While America’s urban areas witnessed a massive boom in the popularity of motion pictures and moviegoing in the early twentieth century, these same cities, like New York, Chicago, Atlantic City, and Philadelphia, consciously worked to maintain the rigidly segregated lines of white supremacy. As scholars Jacqueline Stewart, Cara Caddoo, and Allyson Nadia Field, have explained, major developments in the motion picture industry occurred simultaneously with important transitions in African American cultural and social life. Indeed, as the movies became synonymous with urban living, Black migrants and immigrants made their way to these areas, swelling population numbers by the thousands in northern and midwestern cities. In tandem with these developments, local police forces and theater employees, sometimes working together, endeavored to maintain racial boundaries in neighborhood theaters and popular playhouses. Cinema—“as a place, a medium, and a set of practices”—quickly became an important avenue for staking claims to who had full access to the city and who was able to live their fullest lives uninhibited. Understanding this quite clearly from the medium’s inception, Black urbanites challenged limitations on their right to take part in this new means of placemaking, utilizing a range of tactics to engage with the medium and demand full access to the city.
In 1909, in the midst of a widespread nickelodeon boom, James Metcalfe, a cultural writer for Life magazine and newspapers nationwide, wrote rather explicitly about the ways that theater employees worked with police to keep their venues white. He laid out a clear set of instructions that worked to circumvent Black people’s civil rights to sit where they choose: an usher offers to move the Black patrons seated in the orchestra to better seats; upon arriving at these new seats, pre-placed stagehands pick a fight with the Black patrons, creating a disturbance and cause to call the police; offending parties are then removed from the theater and arrested. “The rest, of course,” Metcalfe ominously insisted, “is easy.”1 Throughout the early twentieth century, as police forces became increasingly professionalized the motion picture industry became a cultural staple, and Black migrants and immigrants moved en masse to growing cities, this scene played out time and time again in various forms.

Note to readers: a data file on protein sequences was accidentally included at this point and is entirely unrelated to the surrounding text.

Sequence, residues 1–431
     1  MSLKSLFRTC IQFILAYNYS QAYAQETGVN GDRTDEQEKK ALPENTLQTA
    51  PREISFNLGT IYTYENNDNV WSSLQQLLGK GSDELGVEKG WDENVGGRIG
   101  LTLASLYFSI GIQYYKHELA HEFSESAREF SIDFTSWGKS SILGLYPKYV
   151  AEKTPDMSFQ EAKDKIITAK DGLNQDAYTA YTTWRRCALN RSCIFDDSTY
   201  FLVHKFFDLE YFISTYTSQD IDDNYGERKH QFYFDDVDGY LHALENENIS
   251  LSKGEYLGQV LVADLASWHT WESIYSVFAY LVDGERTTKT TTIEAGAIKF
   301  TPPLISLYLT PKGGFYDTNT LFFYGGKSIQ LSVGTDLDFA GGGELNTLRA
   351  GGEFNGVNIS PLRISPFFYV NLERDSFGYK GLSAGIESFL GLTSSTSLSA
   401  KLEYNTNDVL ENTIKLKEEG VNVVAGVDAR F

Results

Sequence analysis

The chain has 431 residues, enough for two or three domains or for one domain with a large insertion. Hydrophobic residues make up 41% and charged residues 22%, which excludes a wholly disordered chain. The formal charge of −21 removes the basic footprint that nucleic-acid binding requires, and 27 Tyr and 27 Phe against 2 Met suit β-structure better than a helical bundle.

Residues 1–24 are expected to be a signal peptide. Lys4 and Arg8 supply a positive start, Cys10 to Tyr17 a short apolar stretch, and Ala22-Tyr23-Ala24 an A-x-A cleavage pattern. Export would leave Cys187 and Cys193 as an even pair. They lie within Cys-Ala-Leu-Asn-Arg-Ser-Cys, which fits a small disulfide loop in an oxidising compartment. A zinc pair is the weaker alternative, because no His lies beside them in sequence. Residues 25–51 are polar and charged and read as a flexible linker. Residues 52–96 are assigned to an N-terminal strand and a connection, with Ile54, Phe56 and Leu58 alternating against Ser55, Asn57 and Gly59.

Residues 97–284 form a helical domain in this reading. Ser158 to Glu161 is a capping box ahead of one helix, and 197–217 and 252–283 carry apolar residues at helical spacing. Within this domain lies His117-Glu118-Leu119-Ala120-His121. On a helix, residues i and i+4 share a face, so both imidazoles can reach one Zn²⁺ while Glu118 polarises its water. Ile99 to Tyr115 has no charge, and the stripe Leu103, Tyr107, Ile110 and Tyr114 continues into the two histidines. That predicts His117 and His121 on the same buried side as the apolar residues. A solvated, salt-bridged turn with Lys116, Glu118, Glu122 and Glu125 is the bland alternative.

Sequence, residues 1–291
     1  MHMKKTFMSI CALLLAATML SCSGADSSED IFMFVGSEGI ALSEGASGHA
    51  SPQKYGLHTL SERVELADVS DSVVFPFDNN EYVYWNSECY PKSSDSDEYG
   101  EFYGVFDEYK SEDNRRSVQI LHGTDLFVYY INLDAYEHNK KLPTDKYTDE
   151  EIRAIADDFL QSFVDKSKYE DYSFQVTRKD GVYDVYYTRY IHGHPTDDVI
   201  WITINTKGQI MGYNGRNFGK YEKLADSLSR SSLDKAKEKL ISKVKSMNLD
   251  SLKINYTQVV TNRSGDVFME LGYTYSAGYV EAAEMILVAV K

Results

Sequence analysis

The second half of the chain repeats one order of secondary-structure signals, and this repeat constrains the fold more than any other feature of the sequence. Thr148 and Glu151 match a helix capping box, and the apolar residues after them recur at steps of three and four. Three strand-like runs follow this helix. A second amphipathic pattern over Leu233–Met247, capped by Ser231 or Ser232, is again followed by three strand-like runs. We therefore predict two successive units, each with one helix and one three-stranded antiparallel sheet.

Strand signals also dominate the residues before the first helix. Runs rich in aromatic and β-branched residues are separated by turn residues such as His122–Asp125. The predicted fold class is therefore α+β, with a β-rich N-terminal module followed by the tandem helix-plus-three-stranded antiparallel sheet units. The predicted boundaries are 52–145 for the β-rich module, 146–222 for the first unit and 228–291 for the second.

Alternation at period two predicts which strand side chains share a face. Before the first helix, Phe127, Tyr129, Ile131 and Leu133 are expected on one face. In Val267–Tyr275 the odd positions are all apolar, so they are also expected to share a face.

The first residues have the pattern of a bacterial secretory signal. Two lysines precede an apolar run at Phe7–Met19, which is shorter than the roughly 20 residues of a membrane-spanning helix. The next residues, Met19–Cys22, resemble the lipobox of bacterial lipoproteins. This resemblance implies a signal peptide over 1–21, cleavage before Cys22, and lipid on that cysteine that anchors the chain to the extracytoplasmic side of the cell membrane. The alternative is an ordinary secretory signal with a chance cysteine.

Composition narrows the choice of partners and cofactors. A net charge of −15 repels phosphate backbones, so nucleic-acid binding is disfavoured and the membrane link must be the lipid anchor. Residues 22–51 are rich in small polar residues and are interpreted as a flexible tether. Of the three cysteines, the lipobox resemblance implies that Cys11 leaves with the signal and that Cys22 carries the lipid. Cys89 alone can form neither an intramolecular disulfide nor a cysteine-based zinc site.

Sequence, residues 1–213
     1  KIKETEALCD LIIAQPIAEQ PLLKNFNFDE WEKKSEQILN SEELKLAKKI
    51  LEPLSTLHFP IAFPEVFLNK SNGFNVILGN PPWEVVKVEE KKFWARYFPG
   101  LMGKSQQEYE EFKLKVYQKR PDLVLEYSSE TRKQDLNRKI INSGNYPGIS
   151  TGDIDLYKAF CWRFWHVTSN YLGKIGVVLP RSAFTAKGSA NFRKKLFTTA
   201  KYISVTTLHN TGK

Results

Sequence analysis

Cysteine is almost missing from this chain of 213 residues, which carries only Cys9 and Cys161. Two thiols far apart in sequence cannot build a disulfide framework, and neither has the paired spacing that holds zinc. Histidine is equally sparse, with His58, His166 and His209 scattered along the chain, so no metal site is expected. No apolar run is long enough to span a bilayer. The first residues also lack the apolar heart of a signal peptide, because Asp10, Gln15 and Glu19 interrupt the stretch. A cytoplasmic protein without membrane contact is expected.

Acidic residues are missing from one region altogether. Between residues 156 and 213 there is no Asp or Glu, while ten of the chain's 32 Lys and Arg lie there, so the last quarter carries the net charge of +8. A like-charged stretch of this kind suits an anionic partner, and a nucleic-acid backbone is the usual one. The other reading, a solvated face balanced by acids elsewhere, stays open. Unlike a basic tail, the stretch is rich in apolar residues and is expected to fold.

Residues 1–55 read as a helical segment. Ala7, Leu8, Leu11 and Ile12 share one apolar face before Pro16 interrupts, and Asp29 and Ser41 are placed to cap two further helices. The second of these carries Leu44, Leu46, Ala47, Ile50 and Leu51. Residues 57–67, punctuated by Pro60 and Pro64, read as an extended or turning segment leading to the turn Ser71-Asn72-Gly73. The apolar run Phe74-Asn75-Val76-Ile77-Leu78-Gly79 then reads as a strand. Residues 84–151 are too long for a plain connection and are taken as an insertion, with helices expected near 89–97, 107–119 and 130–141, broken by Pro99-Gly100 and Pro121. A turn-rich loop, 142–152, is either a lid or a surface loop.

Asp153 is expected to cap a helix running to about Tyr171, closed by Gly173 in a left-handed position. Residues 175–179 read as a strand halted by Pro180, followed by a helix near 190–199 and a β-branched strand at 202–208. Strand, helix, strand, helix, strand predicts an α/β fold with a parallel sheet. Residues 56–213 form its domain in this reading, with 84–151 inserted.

In Manhattan two years later, the manager of the New York Theatre called the police on Mr. and Mrs. Roberts when they refused to leave the orchestra section for the balcony. Despite the fact that their tickets were for exactly where they were seated and the state’s civil rights laws were certainly on their side, the police officer threatened them with arrest if they did not move. In a similar case a few years later in Cincinnati, Ohio, the son of a local pastor was forcibly ejected from a theater by a police officer because the management objected to his presence in the all-white establishment. When the pastor went to the mayor and police to complain about this blatantly obvious form of discrimination, the officer claimed ignorance of the law. He explained that he was simply unaware of what he could not do as an officer. In other cases, like in Philadelphia in 1929 and again in Muncie, Indiana in 1934, Metcalfe’s foil played out exactly as he planned. Patrons insisting on their rights, refusing to move from the purchased seats, were arrested for disorderly conduct right in the theater.
Police officers were not always needed in order to violently maintain illegal segregation. In 1925 Dr. Leon Headen of Chicago was badly beaten by multiple ushers when he refused to take a worse seat than his assigned ticket. While Dr. Headen was eventually awarded damages for the physical violence, the theater was decidedly not found guilty of discrimination. In quite a few cases, Black women were subject to force as theater employees attempted to maintain the color line in urban cities. In 1924, a Philadelphia theater manager screamed racial epithets at a young couple who he was trying to kick out of his theater. Next, he grabbed the young woman’s arm and forced her out. A ticket taker in Atlantic City, so committed to keeping a young Black woman out of the Royal Theatre in 1937, actually pulled her arm out of her socket, dislocating her shoulder.